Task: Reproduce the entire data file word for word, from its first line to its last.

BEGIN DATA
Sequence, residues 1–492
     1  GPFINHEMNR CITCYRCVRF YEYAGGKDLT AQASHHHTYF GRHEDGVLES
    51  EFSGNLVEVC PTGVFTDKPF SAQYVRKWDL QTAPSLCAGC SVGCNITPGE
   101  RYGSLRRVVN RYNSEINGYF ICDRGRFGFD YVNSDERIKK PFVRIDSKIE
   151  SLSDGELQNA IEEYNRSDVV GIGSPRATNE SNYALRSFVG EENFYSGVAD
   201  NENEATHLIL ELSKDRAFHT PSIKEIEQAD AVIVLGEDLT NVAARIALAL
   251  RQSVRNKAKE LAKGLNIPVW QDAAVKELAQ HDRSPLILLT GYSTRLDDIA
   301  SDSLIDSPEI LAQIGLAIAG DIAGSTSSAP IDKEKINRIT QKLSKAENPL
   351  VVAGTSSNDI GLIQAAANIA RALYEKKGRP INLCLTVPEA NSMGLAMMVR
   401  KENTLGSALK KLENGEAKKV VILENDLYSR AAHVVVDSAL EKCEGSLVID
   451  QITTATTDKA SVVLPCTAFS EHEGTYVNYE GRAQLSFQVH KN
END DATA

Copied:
Sequence, residues 1–492
     1  GPFINHEMNR CITCYRCVRF YEYAGGKDLT AQASHHHTYF GRHEDGVLES
    51  EFSGNLVEVC PTGVFTDKPF SAQYVRKWDL QTAPSLCAGC SVGCNITPGE
   101  RYGSLRRVVN RYNSEINGYF ICDRGRFGFD YVNSDERIKK PFVRIDSKIE
   151  SLSDGELQNA IEEYNRSDVV GIGSPRATNE SNYALRSFVG EENFYSGVAD
   201  NENEATHLIL ELSKDRAFHT PSIKEIEQAD AVIVLGEDLT NVAARIALAL
   251  RQSVRNKAKE LAKGLNIPVW QDAAVKELAQ HDRSPLILLT GYSTRLDDIA
   301  SDSLIDSPEI LAQIGLAIAG DIAGSTSSAP IDKEKINRIT QKLSKAENPL
   351  VVAGTSSNDI GLIQAAANIA RALYEKKGRP INLCLTVPEA NSMGLAMMVR
   401  KENTLGSALK KLENGEAKKV VILENDLYSR AAHVVVDSAL EKCEGSLVID
   451  QITTATTDKA SVVLPCTAFS EHEGTYVNYE GRAQLSFQVH KN